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A Wealth of Material

February 17, 2009

     With his epic storyline Thy Kingdom Come/One World, Under Gog, Geoff Johns has revisited one of the greatest Elseworlds in the history of comic books.  To develop some of the characters he is using even further, Johns, Alex Ross, Peter Tomasi, and Fernando Pasarin created three-one shots.  The first, focusing on the Kingdom Come Superman, explained more of his Lois Lane’s last moments and his personal motivations.  This was my personal favorite of the three, shockingly.  I hate Superman.  But not this one.  This one is flawed while still possessing that great heroism that makes him who he is.  Alex Ross’ art was particularly great too.

     The one focusing on Magog was my least favorite.  And by that, I meant that it was only a bit less awesome.  Lance Reid is given some background, which includes a guest appearance by Captain Atom.  Plus, we get to see him with his band of pro-Gog supporters, who include Damage, Amazing Man, and Citizen Steel.  Since Magog hasn’t had much face time in either of his personas, he’s not as interesting as Kingdom Come Superman.  But it’s a nice contrast between the two characters, and it gives us a sense of what would theoretically lead to his actions in the Kingdom Come future.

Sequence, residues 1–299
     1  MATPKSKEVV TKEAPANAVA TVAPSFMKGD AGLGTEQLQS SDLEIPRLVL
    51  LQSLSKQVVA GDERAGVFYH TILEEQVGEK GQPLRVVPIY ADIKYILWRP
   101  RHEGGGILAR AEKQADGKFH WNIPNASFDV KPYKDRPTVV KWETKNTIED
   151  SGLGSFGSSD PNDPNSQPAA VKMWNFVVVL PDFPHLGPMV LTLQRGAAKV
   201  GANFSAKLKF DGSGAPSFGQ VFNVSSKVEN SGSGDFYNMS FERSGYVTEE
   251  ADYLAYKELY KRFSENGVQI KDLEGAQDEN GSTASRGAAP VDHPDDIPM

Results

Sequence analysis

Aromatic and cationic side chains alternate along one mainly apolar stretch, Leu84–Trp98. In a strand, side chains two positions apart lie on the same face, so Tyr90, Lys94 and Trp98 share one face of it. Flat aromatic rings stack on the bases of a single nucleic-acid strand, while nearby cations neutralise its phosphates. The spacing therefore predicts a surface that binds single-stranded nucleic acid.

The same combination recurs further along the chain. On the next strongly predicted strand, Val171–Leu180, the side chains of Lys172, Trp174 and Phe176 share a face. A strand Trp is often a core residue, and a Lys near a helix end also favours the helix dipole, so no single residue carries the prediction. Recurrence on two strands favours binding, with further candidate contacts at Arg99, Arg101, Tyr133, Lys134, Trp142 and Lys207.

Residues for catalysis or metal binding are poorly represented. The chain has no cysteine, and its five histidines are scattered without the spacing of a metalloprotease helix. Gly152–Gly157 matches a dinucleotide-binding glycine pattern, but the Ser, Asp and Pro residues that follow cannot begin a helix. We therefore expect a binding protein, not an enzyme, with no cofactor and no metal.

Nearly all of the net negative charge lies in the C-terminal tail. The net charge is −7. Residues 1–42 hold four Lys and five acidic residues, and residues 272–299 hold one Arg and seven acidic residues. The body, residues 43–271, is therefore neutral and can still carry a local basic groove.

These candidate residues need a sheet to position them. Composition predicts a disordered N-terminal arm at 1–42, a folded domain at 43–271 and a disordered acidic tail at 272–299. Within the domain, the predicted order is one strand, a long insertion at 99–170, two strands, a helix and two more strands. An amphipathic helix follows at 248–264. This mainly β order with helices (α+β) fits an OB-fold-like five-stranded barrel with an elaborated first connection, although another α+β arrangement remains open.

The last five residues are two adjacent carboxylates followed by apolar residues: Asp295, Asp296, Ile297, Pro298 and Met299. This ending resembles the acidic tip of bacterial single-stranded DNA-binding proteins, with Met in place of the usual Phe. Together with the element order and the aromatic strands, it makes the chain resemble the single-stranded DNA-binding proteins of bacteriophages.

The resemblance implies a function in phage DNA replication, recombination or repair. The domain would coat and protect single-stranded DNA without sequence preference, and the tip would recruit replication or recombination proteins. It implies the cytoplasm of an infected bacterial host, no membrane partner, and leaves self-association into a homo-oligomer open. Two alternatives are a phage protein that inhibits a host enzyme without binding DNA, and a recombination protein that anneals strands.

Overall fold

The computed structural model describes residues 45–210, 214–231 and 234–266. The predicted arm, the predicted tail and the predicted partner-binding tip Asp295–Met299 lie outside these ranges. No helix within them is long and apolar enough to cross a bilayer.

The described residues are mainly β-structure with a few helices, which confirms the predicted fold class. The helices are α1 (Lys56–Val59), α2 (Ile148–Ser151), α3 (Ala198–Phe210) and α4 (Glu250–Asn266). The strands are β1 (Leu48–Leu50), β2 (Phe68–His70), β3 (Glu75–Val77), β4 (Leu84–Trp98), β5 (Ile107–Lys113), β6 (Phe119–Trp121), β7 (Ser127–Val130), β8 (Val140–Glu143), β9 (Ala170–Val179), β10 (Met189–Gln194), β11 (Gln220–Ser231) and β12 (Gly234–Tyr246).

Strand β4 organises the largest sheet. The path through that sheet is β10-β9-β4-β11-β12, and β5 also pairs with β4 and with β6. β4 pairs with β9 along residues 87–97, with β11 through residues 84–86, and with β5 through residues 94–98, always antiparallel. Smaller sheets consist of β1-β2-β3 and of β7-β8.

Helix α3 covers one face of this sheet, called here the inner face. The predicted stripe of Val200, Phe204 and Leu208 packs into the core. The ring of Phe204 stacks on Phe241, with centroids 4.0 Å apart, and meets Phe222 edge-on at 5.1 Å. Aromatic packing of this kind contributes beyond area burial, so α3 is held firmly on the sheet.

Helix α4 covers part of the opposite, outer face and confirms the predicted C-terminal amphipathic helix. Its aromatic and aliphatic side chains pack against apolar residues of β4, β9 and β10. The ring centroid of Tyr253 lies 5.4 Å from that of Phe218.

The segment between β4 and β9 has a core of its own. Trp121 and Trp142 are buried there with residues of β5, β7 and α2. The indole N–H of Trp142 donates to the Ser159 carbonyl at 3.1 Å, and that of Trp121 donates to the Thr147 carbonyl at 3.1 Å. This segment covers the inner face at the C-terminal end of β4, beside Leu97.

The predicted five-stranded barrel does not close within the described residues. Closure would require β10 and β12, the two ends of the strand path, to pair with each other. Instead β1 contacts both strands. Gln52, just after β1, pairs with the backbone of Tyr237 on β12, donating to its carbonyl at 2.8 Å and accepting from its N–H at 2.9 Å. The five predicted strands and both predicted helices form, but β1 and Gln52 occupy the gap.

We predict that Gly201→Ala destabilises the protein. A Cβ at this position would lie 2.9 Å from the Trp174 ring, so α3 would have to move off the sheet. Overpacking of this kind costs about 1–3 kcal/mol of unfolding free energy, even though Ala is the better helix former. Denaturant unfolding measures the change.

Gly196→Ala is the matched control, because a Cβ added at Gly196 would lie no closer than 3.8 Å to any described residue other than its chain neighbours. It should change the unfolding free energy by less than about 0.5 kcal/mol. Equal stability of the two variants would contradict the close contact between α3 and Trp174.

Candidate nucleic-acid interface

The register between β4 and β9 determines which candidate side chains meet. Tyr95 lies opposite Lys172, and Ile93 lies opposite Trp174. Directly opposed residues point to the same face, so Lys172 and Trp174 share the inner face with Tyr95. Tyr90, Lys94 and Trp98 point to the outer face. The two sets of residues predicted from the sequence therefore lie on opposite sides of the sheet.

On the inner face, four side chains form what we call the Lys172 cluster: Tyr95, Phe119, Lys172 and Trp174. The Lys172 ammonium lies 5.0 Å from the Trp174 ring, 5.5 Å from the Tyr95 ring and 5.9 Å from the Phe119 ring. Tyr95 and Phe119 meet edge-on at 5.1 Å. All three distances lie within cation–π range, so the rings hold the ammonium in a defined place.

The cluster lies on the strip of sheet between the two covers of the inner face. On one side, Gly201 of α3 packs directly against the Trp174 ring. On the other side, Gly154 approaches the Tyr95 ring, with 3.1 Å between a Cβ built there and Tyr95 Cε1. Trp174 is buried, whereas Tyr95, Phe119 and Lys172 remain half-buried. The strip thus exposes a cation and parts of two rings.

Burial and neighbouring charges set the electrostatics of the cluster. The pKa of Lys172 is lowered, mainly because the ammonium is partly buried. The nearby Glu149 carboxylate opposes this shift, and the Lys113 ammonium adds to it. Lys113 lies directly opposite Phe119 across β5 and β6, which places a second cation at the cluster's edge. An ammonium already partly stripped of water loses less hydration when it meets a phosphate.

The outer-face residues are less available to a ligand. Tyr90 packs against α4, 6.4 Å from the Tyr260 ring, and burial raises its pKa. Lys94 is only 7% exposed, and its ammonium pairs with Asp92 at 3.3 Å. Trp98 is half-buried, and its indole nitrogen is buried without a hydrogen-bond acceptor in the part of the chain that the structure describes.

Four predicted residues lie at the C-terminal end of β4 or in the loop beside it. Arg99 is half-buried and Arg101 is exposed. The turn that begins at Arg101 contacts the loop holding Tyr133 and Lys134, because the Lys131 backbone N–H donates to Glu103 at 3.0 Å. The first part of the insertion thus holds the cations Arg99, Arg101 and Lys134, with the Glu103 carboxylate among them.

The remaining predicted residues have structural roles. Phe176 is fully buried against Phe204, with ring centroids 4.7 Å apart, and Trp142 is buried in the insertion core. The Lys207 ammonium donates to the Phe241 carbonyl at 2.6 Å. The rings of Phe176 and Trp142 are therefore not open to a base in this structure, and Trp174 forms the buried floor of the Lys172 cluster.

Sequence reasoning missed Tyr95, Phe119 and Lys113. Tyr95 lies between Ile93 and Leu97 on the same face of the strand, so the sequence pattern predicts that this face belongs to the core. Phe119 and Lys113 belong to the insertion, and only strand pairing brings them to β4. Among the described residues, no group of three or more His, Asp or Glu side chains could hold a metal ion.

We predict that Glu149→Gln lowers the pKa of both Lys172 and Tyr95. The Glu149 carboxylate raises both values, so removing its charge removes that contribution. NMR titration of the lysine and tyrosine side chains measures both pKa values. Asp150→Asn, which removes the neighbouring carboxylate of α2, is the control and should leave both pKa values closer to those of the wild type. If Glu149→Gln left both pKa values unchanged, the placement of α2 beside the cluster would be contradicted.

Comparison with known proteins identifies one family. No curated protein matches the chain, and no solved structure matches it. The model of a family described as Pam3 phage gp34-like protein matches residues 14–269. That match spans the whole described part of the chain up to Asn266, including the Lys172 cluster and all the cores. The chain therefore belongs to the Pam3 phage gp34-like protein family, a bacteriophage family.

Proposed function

The last one focuses on all of the characters affected by Gog’s blessings, including Sandman, Dr. Mid-Nite, Citizen Steel, and in particular, Damage.  Damage has gone from being a gruff, pitiable sort of person to being arrogant, narcissistic, and forward.  And that’s the point.  We’re supposed to see just why Gog’s presents aren’t so great, and just why some people aren’t mature enough.  And by some people, I do mean Damage.  The fight between him and Atom Smasher is extremely emotional, especially for fans of Atom Smasher.  Then, there’s the revelation at the end of the issue.  Gog isn’t so altruistic.  Of course, this is only part of the puzzle.  But this one-shots do the great job of explaining motivations and filling in gaps.  For JSA readers, these one-shots are crucial to understanding Geoff Johns’ and Alex Ross’ grand plans for the book.

Plot: 8.8      Art: 8.8      Dialogue: 9.4      Overall: 9.0

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